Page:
Reviews of Recent Independent, Foreign, & Documentary Films in Theaters and DVD/Home Video

Boubacar Traore
Photo: First Run Features

Directed, Produced & Written by: Jacques Sarasin.
Adapted from the novel Mali Blues by Lieve Joris
Director of Photography: Stephan Oriach.
Edited by: Bernard Josse.
Music by: Boubacar Traoré.
Released by: First Run Features.
Language: French & Bambar.
Country of Origin: France. 80 min. Not Rated.
With: Boubacar Traoré, Ali Farke Touré & Ballaké Sissoko.

And sing he does. This musical journey focuses squarely on Afro-pop singer/guitarist Boubacar Traoré, known as KarKar, as he travels and performs throughout Mali, which should share equal billing. In the early ‘60s, he was the Malian Elvis Presley. He also helped popularize the electric guitar. His songs on the radio became anthems for the newly independent and optimistic country. This mood is considerably contrasted with the present day footage of dusty villages of thatched-roof mud huts, roaming goats, and the villagers' cautious looks cast to the camera. Without a record-buying public and because of family obligations, he disappeared from the scene, later emigrating to France, and now has resurfaced with a following. It is his friends who provide the on-camera interviews, leaving the still-youthful and taciturn KarKar to perform, creating more of a sketch than a portrait. Because his life story is told by secondary sources, KarKar remains a distant figure. However, this film is really about the music, which is both lively and melancholic. Even a song with the lyric “Glory to you, young people of Mali/Don’t attack our army because our soldiers are brave and courageous,” sounds mournful. The subject of many songs is his beloved late wife, Pierrette - “Your name will not disappear because I’ll sing it all over the world.” Overall, this documentary will have strong appeal to world-music followers, such as the listeners of KCRW’s Cafe L.A. or WXPN's World Cafe (both available on the Web), but the uninitiated may feel this tribute/travelogue is too long. KarKar's performance is intimate, the film is not. Kent Turner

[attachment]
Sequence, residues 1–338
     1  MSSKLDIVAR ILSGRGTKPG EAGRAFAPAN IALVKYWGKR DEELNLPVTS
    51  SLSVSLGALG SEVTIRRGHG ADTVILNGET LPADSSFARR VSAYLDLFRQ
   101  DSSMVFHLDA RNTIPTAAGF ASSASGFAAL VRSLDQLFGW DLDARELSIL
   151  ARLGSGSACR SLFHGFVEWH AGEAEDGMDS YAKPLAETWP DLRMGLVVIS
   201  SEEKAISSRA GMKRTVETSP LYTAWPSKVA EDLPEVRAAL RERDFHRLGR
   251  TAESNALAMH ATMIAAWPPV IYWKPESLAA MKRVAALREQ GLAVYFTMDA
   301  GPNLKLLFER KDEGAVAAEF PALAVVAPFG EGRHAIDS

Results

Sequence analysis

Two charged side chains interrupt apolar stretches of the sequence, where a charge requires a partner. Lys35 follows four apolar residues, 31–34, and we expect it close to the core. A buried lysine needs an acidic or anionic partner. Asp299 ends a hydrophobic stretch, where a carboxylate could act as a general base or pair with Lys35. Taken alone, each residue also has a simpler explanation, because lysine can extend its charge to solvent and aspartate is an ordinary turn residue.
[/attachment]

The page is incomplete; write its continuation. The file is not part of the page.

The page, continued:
June 4, 2004



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